Thursday, May 9, 2013 - 1:00pm
133F Erickson Hall, 620 Farm Ln, Michigan State University
Merging Figured Worlds for Socially Just Science Learning

April L. Luehmann & Science STARS Team, University of Rochester, Warner Graduate School of Education

Social justice is the shared work of many.  In this talk, I report on how one long-term learning experience called Science STARS is both designed for and lived in ways that synergistically  merge three diverse learning communities (urban teen girls, pre-service science teachers and social justice researchers), positioning each as resources for the others’ productive identity wanderings and development. I argue that each group brings uniquely valuable experiences and perspectives, as well as differential influences of power to the shared spaces that the learners from the other groups need. Through the ongoing, co-construction of a shared and evolving culture, members of each group develop identities that further positive social change for under-represented groups in science.

April Luehmann joined the Warner School community in 2002 as a science educator, teaching in the science teacher preparation and doctoral programs. She completed graduate degrees in science education and industrial and operations engineering, and previously taught mathematics and science to secondary school students in Illinois, Michigan, and Indiana. She also instructed science and math teachers in the Chicago Public Schools in a special professional development initiative at the Illinois Institute of Technology, and served on the Board of Trustees for Girls, Inc., a national nonprofit youth organization dedicated to inspiring all girls to be strong, smart, and bold.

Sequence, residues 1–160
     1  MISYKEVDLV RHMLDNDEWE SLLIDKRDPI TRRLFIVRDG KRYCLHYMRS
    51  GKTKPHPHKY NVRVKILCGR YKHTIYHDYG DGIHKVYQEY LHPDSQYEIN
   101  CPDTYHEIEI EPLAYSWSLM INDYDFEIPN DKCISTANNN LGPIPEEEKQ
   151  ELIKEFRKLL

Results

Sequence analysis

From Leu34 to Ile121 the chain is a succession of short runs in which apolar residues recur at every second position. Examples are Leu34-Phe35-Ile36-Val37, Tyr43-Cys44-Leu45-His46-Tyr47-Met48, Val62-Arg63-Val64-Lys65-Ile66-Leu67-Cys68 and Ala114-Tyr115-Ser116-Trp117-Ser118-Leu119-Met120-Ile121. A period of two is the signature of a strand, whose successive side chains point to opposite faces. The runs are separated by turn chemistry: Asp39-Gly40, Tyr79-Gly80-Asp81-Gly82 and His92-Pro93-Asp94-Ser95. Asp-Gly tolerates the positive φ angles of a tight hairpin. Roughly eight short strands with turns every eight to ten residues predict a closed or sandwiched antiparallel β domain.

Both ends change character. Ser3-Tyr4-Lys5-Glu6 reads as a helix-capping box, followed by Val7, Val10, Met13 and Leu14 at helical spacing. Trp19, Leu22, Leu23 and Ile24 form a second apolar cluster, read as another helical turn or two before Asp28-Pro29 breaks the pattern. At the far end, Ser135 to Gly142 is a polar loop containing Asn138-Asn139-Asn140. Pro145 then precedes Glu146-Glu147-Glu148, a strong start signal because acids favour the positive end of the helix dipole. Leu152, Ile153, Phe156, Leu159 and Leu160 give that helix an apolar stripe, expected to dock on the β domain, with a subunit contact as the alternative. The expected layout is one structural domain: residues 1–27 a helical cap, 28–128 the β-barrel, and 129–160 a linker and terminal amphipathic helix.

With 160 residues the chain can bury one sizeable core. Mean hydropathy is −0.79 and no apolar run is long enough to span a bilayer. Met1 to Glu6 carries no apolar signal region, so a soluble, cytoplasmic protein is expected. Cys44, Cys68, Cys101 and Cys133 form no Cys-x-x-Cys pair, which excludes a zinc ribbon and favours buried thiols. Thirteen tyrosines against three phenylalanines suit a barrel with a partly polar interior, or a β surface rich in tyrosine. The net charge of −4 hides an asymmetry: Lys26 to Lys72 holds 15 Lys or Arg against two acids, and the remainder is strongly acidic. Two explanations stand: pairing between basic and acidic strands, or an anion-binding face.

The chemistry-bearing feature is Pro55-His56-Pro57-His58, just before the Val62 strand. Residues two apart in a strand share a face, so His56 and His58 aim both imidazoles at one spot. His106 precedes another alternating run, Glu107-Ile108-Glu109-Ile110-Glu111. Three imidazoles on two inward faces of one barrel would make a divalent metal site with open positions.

Luehmann focuses her research on the design and use of new media literacies, out-of-school learning contexts and experiences, and innovative teacher development programs to explicitly address issues of equity and social justice through the transformation of participation structures for and between secondary science teachers and all science students, especially those in traditionally disadvantaged schools. Since coming to Rochester in 2002, she has also designed and worked with graduate students to teach science summer camps and school-year programs to develop or capitalize on girls’ interest in science. Luehmann’s scholarly work and teaching have received recognition. Most recently, she was presented with the University of Rochester’s 2008 G. Graydon ‘58 and Jane W. Curtis Award for Excellence in Teaching by a Nontenured Member of the Faculty.

For more information about Dr. Luehmann:

This event is co-hosted by Teacher Education at the College of Education and CREATE for STEM Institute<>